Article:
So my geeky weekend was totally awesome, and there were a few moments I thought I'd share. Before I get there, though, I need to clear something up: On Friday, as I was running out of the house, I said "Go see Iron Man this weekend. It is awesome. I saw a preview screening on Monday, and other than the score (which is absolute crap) the movie is damn near perfect. I think it’s the best comic book movie since Sin City, and blows Transformers and the last two X-Men movies into oblivion."
Uh. Yeah. I don't know how, but I managed to leave Batman Begins and Ghost World out of that, which is further evidence that I am a complete moron. Lots of people disagree with me about Sin City and X-Men. Those people are all wrong, of course, but my leaving out Batman Begins and Ghost World is just inexcusable. I deeply regret the error, and hang my head in shame while I carefully fold up my nerd cape. I'll be in the corner for a little bit, thinking about what I did.
Okay, now that we're done with that, allow me to share some highlights from my weekend with you:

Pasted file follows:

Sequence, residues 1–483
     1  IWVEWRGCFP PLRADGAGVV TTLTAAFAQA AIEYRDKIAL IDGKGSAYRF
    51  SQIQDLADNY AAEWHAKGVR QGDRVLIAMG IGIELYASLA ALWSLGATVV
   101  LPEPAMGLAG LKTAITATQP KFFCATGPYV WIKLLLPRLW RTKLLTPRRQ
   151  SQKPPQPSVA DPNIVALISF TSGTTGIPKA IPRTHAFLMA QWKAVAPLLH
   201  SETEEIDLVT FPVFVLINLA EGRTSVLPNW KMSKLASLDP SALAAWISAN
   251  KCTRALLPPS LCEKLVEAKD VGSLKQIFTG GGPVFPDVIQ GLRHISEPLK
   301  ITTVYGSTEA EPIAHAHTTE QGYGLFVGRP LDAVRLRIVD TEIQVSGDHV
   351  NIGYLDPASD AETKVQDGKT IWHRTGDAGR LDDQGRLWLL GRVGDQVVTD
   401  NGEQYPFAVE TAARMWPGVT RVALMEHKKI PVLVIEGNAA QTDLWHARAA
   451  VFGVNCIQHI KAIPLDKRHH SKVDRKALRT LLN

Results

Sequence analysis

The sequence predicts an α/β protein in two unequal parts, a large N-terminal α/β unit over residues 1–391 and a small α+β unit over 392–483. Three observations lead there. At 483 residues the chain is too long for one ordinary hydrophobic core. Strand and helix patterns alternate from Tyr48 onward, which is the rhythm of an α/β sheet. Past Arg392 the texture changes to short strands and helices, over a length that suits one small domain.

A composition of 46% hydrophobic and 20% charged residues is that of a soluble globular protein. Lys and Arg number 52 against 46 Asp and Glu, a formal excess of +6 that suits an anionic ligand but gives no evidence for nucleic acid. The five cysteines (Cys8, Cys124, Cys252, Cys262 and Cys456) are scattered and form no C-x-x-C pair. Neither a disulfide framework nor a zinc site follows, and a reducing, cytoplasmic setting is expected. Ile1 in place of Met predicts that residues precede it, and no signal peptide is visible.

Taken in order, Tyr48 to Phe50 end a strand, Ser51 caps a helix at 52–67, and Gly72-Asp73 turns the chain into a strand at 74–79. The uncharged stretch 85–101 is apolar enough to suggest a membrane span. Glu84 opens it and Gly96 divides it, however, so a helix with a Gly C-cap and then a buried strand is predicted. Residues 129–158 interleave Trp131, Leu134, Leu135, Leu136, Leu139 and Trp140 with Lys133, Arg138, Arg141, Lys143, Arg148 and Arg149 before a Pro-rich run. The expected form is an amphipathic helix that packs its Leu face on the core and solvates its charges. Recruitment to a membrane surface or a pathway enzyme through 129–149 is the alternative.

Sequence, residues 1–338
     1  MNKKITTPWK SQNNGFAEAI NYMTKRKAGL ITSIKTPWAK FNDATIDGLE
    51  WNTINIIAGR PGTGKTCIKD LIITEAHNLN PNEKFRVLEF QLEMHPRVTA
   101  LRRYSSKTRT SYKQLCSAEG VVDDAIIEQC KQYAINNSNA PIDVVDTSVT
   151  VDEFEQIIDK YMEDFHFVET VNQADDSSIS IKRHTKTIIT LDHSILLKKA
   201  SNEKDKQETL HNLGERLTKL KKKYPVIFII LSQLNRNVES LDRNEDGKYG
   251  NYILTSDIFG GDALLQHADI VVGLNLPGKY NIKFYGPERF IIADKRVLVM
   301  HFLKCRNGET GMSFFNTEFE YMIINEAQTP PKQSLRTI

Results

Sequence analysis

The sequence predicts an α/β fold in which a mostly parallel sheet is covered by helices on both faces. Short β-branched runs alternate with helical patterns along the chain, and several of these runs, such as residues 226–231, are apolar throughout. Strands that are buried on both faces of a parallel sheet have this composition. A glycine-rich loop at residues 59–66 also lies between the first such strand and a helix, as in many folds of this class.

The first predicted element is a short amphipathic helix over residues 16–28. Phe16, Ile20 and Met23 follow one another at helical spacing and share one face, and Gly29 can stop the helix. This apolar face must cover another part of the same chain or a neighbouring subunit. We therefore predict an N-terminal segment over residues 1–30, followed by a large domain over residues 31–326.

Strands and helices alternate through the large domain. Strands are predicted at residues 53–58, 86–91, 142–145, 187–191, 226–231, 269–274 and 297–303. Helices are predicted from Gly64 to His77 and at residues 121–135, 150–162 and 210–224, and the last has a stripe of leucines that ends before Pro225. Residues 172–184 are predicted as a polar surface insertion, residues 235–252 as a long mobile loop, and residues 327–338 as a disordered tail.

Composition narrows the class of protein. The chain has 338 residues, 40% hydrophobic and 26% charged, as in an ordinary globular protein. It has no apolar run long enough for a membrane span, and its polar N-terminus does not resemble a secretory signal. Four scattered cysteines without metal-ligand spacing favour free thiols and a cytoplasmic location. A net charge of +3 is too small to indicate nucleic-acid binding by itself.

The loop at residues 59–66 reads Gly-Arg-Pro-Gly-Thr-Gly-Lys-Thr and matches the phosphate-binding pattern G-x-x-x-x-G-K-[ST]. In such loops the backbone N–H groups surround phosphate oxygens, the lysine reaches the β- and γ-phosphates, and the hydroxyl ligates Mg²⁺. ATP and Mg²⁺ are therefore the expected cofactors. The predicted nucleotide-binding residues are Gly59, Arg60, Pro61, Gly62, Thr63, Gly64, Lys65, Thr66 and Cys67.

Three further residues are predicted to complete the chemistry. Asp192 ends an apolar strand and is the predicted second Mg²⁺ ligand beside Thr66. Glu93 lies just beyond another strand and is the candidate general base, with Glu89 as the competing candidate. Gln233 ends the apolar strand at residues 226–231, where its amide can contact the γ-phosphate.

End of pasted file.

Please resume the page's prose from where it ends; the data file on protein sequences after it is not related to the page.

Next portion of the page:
Friday night I said to Anne, "When I finish this martini, I'm going to think it's a great idea to have another martini. It will, in fact, be a very bad idea for me to have another martini, and I'd appreciate it if you'd remind me of that fact when the time comes."
When the time came, she wasn't at the table. Oops.
Saturday morning, we unsurprisingly slept too late to get breakfast at the hotel, so we went to a supermarket and got yogurt, bananas, juice and stuff. I think we ended up having a more healthy and less expensive breakfast than we would have had at the hotel.
I wasn't nervous at all about my reading at Mysterious Galaxy, which was really weird. In fact, while we were driving there (Anne was driving, I was reading from my book because I got it into my head that it may be a good idea to try something new about 20 minutes before showtime) I said to Anne, "You know what's weird? I'm not nervous at all." It was at that very moment that I got nervous.
There were more people at Mysterious Galaxy than I was expecting, and when I walked into the store, the whole place fell silent and everyone was staring at me. You know how you walk into a room and feel like everyone was just talking about you? It was like that. I mean, they probably were, but it was still weird. It didn't do much for the nervousness.
When I started my reading, I heard words coming out of my mouth, but I didn't know what they were. I do that when I'm nervous and haven't prepared any introductory remarks. If you were there and noticed this, thank you for not booing me.